When the cared for becomes the carer

Graeme Ellis’s experience of homecare made him determined to improve the lives of others in his situation

“I knew someone who had terminal cancer and they had their financial support taken away.”

Graeme Ellis works closely with disabled people and people who are very ill, and he’s worried about how they’re being treated. A UNISON member from Lancaster, Graeme is softly spoken and articulate, and he has more reason than most to be concerned about the state of social care.

Over 500,000 adults in the UK rely on people to visit them in their homes, to support them to live. Many are elderly, lots are disabled, and some are recovering from accidents and illnesses.

And they are being failed by the social care sector.

Homecare workers who are members of UNISON have told us they’re really worried about their clients. They feel they aren’t getting the training they need to support them, they aren’t given enough time with them (visits as short as just 15 minutes are widespread), and lots of the people they see don’t get allocated regular homecare workers.

When a person receives homecare their care worker helps them intimately, they can see them at their most vulnerable and need to understand their unique situation in order to provide the best care. That’s why having a regular homecare worker, rather than a succession of strangers, is important.

The need for such ‘continuity of care’, as it’s known in the sector, is something Graeme understands the importance of.

Struck down

It was 1984 when Graeme first started experiencing symptoms. He was diagnosed with a disease called neuropathy, which affects the nervous system. He has muscle wastage, visual impairment and hearing impairment and uses a wheelchair a lot of the time. “I could leave the front door here, get in a taxi right outside a restaurant door and sit down with a crutch, but that’s about all I could do. Otherwise I’d be falling every five yards. My legs muscles just give way.”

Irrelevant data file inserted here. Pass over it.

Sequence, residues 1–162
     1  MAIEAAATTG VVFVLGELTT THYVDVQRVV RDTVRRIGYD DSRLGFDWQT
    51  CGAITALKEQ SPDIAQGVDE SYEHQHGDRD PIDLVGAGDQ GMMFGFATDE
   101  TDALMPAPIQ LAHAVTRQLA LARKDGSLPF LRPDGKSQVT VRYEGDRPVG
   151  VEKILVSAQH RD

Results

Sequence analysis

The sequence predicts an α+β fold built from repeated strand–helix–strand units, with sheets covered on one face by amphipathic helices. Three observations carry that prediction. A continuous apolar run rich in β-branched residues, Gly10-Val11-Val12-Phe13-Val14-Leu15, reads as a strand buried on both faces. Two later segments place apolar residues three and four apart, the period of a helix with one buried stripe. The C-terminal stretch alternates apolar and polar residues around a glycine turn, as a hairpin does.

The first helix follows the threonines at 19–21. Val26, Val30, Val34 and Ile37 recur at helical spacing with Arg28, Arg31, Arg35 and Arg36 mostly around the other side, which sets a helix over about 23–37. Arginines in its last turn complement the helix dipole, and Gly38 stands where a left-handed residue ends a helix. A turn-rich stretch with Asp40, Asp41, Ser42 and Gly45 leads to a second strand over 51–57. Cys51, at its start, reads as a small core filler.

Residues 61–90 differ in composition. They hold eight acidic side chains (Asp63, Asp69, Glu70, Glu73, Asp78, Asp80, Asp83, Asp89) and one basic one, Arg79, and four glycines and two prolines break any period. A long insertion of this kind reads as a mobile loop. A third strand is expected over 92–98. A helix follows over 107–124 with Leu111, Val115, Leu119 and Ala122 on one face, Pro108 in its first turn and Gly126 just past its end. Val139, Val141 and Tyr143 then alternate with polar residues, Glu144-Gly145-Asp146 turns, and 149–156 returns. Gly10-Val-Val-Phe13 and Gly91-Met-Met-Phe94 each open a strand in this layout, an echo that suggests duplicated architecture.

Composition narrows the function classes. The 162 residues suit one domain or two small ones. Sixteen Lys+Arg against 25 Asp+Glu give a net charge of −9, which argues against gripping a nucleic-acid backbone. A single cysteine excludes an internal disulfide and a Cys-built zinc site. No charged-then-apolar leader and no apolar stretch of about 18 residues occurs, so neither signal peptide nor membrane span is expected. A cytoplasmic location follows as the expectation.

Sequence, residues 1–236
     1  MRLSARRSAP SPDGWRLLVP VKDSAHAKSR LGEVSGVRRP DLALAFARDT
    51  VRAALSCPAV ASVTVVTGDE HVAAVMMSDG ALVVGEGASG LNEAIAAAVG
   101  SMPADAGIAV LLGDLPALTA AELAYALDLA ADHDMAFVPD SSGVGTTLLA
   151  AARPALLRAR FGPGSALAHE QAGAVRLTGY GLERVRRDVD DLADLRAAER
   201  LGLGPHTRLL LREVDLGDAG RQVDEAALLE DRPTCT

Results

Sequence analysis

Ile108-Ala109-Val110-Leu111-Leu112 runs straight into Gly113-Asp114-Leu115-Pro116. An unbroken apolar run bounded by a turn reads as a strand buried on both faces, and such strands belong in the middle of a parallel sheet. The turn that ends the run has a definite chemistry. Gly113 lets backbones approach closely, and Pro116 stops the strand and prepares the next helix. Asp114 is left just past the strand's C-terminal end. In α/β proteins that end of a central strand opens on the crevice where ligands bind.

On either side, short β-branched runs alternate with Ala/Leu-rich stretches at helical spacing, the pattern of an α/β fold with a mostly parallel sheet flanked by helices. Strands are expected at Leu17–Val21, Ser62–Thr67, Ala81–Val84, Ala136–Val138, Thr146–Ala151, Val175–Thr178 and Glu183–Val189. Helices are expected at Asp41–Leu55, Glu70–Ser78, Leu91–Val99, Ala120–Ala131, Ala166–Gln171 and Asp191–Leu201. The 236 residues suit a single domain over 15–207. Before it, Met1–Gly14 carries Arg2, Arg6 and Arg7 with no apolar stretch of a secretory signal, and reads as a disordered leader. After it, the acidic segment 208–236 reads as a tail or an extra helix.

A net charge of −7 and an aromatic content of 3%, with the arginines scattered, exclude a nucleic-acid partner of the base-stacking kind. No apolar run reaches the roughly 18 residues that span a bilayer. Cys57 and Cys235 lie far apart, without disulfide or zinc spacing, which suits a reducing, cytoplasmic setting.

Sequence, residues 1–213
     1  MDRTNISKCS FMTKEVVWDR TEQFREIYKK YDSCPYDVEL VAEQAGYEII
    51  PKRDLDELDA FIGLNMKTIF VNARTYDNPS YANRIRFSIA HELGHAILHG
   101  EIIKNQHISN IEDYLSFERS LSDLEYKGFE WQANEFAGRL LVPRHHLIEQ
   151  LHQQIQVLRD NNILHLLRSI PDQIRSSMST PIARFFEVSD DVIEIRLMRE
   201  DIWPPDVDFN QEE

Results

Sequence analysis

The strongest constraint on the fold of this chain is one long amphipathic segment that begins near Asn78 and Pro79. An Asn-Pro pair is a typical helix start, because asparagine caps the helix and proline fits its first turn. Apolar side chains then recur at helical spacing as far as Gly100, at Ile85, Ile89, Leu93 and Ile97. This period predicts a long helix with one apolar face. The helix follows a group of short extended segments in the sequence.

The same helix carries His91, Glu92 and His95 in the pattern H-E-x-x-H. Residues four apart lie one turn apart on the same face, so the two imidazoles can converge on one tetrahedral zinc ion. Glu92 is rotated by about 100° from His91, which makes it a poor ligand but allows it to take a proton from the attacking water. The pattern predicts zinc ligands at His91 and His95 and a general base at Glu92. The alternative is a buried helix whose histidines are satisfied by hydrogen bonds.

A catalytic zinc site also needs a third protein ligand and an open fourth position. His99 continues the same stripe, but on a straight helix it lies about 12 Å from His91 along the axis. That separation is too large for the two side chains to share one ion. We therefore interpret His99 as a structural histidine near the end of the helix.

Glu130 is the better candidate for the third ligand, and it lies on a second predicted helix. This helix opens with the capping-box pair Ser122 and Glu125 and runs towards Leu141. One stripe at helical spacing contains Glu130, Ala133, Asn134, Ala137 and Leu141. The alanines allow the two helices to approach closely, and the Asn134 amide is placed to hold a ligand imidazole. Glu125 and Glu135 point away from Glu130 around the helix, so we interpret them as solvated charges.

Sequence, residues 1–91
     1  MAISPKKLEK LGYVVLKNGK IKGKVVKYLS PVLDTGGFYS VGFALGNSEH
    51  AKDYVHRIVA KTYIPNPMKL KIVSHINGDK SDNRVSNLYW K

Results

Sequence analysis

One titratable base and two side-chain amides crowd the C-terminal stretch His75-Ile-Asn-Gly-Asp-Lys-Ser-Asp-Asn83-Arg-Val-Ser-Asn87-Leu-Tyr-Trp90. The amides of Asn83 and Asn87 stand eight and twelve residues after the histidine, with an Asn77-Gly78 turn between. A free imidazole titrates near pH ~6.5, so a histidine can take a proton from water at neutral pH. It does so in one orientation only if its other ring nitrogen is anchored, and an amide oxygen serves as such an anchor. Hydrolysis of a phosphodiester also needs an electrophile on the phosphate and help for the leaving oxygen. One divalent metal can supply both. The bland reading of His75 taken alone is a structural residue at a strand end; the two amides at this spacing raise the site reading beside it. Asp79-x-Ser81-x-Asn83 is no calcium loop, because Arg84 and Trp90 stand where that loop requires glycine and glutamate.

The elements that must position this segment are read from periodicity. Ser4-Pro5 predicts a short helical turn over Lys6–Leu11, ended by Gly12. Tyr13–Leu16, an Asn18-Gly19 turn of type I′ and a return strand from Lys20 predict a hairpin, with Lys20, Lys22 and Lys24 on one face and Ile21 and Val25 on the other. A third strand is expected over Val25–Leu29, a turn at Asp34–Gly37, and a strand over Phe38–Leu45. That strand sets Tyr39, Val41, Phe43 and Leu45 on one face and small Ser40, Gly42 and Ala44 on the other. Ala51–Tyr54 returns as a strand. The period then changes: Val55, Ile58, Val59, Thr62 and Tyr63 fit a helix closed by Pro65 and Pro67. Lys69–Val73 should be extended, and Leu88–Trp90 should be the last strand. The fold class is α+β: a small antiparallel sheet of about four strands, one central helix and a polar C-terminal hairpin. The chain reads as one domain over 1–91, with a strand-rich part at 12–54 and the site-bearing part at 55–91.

Graeme relies on homecare workers, but when he first needed them the service did not work well for him at all.

The agency that was employed by the council to support him sent homecare workers on a schedule that suited them, which meant Graeme spent most of his time waiting in his house for them to come round. They also didn’t prioritise continuity of care, which meant he saw a succession of strangers and would spend the little time he was allotted explaining what his needs were to each new care worker. “The time wasn’t going on care, it was going on explaining what I needed help with.”

This lack of a regular homecare worker is widespread and happens for two reasons: the first is that many of the companies providing care cut corners and don’t take the time to make sure people have regular carers; the second is that pay and conditions for care workers are so bad that the sector has extremely high turnover – according to a government report, 30% of staff leave each year.

Continuity of care